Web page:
Mingjiang highlights the conceptual importance of “harmony” in Chinese strategy on soft power. Harmony is already an important cultural value and domestic political goal/justification in China. In an age of fragmentation, environmental, and polarization it could even be appealing internationally. But I think it will fail China as a guiding image because of current Western conceptions of China.

Racism, anti-Communism, and Orientalism already predisposed the West to see China as a place with too much conformity. China’s history of state enforced harmony (and the Western emphasis on this history) may make the idea unpalatable. In fact the image of harmony in China from a Western perspective may come closer to Tiananmen Square than a Confucian ritual.  For example the Beijing Opening Ceremonies with its 15,000 coordinated and choreographed performers drumming and dancing in unity, could be seen as a perfect example of harmony but many Westerners  thought it was just “scary.” (The 2012 opening ceremonies use of the Industrial Revolution as a centerpiece is particularly interesting after Mingjiang’s article depicts its failures as a opening for Chinese influence.) With this in mind instead of harmony China should try something more approachable for the West. Perhaps “longevity” would be better.

Longevity is also an important concept and key value all of the Eastern traditions. It also offers China many opportunities to promote its national brand. First it clearly emphasizes China’s long continuous history. On another historical level the pursuit of longevity lead to some of China’s greatest contributions to science. This could highlight future scientific contributions in medicine, alternative energy/green technologies (longevity of the planet), and other fields. Longevity is also a nice counter-image to the sense of a technological world moving too fast, economic and environmental crises stemming from short term thinking, and global political instability. Pairing the “Beijing Consensus” with “longevity” could be a nice fusion of the philosophical and the practical. Domestically longevity seems to be exactly the type of frame the Party would want to promote. Finally, harmony, when broken down, becomes concepts like balance, respect, and restraint, which conceptually are also already integrated into longevity in Eastern thought and could be promoted as part of China’s image (along with their political implications) without as many negative connotations.

While I see harmony as being a potentially problematic image for China that will eventually need to be discarded, longevity on the other hand was built to last.


Goals and Gastrodiplomacy

12 Apr

At the gastrodiplomacy event at American University on Tuesday, April 9th, students were formally introduced to gastrodiplomacy concept, which was defined by Paul Rockower as a way to reach hearts and minds through people’s stomachs. Although I agree with his contention that commensality can create a sense of commonality that may place people in a better position to influence each other, I am not convinced that food can serve as a diplomatic tool simply by bringing people to the table.

One of the questions raised during the question and answer section of the event was what the difference is between culinary diplomacy and culinary tourism. The explanation that the panel came up with boiled down to this: culinary tourism is tourism to eat the food of a region or country. Culinary diplomacy is using food as a diplomatic tool to promote countries and cultures.  I believe that gastrodiplomacy has to be more than raising awareness of a country’s culture. Much though some people like Iranian food, they aren’t necessarily pre-disposed to agree with Iranian political views. This may seem like an extreme example, and there are many reactions to that statement that people could have. I imagine that one of the mostly would be that Iran is not attempting to harness gastrodiplomacy, nor is it trying to endear American audiences to it. This is exactly the point. Gastrodiplomacy must be linked with specific policies and goals in order to be effective.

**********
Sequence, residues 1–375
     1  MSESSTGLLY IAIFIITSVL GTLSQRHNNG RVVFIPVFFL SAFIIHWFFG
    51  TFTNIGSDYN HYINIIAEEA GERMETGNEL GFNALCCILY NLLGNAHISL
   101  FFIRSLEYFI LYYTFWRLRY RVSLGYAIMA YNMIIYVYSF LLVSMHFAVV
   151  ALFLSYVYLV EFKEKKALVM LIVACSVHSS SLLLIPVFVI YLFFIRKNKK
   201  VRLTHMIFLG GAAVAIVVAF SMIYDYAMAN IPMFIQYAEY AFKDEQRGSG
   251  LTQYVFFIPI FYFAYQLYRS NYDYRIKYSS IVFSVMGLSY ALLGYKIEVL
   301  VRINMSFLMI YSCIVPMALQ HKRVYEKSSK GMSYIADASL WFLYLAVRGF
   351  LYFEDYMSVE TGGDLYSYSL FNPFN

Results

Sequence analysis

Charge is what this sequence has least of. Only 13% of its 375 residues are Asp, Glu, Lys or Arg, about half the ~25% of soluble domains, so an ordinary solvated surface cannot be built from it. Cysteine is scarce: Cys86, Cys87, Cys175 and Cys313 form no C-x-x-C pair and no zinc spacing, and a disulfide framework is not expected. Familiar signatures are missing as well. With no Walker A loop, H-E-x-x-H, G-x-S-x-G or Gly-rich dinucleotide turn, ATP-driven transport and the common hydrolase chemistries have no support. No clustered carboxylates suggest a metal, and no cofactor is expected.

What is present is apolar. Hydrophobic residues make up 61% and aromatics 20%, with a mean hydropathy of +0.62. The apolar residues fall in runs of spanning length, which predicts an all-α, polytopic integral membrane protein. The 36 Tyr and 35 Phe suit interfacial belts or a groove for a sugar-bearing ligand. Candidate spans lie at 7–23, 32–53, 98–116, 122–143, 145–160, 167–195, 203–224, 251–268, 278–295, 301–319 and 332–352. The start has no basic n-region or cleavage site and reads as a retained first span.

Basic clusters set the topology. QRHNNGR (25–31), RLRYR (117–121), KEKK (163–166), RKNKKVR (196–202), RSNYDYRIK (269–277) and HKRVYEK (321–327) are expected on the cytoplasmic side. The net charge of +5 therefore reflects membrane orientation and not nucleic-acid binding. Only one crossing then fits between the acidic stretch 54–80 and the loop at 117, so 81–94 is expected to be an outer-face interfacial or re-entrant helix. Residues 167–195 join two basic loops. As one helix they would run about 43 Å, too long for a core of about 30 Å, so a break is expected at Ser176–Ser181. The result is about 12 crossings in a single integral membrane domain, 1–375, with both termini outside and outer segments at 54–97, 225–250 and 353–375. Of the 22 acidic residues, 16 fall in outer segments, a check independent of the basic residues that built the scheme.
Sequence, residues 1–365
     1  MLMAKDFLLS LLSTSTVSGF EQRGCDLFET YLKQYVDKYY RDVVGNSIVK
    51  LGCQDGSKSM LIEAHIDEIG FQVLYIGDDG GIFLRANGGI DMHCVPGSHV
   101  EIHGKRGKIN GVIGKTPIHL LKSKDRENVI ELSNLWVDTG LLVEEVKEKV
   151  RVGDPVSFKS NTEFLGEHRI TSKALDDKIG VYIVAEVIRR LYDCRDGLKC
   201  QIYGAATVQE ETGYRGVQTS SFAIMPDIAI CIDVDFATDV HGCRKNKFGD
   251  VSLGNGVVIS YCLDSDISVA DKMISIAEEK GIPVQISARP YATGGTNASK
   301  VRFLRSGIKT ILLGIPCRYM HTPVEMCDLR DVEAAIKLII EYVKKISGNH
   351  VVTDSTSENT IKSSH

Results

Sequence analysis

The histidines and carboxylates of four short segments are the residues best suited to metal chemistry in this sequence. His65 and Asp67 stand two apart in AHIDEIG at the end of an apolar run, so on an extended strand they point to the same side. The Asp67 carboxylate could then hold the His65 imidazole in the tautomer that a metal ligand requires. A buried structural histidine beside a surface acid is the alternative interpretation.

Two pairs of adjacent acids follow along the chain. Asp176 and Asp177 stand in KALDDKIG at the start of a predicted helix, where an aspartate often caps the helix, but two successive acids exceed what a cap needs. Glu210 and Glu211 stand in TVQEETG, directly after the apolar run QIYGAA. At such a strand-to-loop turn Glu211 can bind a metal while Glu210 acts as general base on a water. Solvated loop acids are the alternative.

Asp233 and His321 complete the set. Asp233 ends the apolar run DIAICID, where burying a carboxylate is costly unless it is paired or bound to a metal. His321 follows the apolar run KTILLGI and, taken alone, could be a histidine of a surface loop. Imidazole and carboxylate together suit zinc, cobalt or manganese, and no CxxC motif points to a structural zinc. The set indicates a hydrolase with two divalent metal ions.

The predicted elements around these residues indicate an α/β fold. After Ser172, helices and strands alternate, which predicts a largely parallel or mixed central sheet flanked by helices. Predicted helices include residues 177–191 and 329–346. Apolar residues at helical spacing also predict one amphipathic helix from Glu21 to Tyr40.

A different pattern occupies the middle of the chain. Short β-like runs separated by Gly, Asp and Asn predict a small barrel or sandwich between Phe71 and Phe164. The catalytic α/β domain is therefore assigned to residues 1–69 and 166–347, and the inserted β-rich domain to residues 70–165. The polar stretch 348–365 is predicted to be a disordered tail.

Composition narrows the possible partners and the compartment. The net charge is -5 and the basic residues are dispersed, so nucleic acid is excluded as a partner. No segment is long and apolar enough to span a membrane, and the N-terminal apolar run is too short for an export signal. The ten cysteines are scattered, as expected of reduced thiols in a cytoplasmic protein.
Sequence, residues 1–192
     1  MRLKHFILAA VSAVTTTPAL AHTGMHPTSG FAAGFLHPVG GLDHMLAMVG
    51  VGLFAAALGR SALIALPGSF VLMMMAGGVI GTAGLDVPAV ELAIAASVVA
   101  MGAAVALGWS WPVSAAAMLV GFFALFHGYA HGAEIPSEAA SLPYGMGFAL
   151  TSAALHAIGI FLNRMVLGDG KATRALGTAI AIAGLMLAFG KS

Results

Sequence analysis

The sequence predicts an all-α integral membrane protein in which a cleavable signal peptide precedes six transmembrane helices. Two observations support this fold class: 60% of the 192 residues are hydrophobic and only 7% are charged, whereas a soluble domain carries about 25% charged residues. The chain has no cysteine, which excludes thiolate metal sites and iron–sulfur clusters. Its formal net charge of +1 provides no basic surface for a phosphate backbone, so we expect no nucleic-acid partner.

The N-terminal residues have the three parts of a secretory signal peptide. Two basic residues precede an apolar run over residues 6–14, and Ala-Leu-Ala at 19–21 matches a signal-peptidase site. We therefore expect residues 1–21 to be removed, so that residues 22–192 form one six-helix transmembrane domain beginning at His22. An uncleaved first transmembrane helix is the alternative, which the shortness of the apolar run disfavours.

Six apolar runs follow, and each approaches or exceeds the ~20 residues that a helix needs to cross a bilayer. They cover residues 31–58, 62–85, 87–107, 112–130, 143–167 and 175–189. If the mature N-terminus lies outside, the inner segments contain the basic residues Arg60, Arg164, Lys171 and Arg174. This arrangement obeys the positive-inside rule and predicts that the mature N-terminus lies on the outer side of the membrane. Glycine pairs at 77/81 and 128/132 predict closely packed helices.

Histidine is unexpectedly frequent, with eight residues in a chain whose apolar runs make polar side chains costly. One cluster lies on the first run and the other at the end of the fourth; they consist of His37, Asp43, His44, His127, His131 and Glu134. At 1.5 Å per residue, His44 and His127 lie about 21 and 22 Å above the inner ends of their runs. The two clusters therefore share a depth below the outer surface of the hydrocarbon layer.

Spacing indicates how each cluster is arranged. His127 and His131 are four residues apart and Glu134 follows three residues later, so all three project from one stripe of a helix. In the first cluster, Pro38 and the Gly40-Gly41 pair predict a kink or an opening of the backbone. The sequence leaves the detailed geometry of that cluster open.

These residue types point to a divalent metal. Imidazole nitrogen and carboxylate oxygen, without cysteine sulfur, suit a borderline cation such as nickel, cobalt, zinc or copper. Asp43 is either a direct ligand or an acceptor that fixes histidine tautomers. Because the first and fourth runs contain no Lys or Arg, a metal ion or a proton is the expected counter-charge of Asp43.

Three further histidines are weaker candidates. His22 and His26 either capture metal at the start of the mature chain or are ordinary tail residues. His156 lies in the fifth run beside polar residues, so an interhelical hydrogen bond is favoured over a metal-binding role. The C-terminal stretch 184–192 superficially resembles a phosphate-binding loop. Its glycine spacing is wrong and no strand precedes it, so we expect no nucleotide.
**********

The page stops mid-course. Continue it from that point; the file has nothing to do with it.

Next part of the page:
To put this in a less extreme context, I blogged previously about Japan’s ramen ambassador program, in which members of foreign publics were to blog about their love of ramen for a year. This initiative was presumably supposed to raise awareness about Japanese culture through its food. However, there was no specific policy goal related to it, and so Japan’s gastrodiplomacy efforts may fail. Much like people who like anime do necessarily agree with Japan’s politics, people who discover a love for Japanese noodles may not pre-dispose them to liking Japan’s politics.

Of the countries represented, Peru and South Korea had specific goals. Peru is trying to harness gastrodiplomacy to attract tourism and built their economy. Another benefit of gastrodiplomacy is to bring Peru’s country brand into the 2000s by adding to the image of Peru as more than a country of Incan ruins and rainforests. The Peruvian representative pointed out that given its ecological diversity, the Peruvian cuisine has impressive variety, and the broad appeal has resulted in a rise in popularity of Peruvian food and thus a rise in tourism to Peru.

The representative from South Korea explained that Korean take pride in their food and would like to draw attention to it to provide momentum for continuing the ‘K’ phenomenon (such as K pop). Although he did not detail what the international goals Korea would like to reach through food are, it was clear that there was a strategy to gastrodiplomacy, such as increasing food infrastructure, promoting the health benefits, and improving marketing techniques.

Gastrodiplomacy, like all public diplomacy tools, is not a surefire way to make affect publics in a desired way. Nor is it is possible to open a restaurant and immediately cultivate political affinities. However, if governments tie gastrodiplomacy to specific goals and are prepared for a long-term commitment, having people at the table can open up the possibility of using other diplomacy tools.